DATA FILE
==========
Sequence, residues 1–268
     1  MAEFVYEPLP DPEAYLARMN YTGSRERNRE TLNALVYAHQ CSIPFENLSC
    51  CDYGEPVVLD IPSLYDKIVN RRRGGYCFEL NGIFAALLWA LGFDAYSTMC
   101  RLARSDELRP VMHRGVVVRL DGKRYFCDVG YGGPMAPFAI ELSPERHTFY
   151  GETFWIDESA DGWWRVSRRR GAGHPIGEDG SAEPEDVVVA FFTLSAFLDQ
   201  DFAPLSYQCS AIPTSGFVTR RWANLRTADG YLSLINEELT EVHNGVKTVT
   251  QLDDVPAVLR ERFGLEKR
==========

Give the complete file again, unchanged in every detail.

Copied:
Sequence, residues 1–268
     1  MAEFVYEPLP DPEAYLARMN YTGSRERNRE TLNALVYAHQ CSIPFENLSC
    51  CDYGEPVVLD IPSLYDKIVN RRRGGYCFEL NGIFAALLWA LGFDAYSTMC
   101  RLARSDELRP VMHRGVVVRL DGKRYFCDVG YGGPMAPFAI ELSPERHTFY
   151  GETFWIDESA DGWWRVSRRR GAGHPIGEDG SAEPEDVVVA FFTLSAFLDQ
   201  DFAPLSYQCS AIPTSGFVTR RWANLRTADG YLSLINEELT EVHNGVKTVT
   251  QLDDVPAVLR ERFGLEKR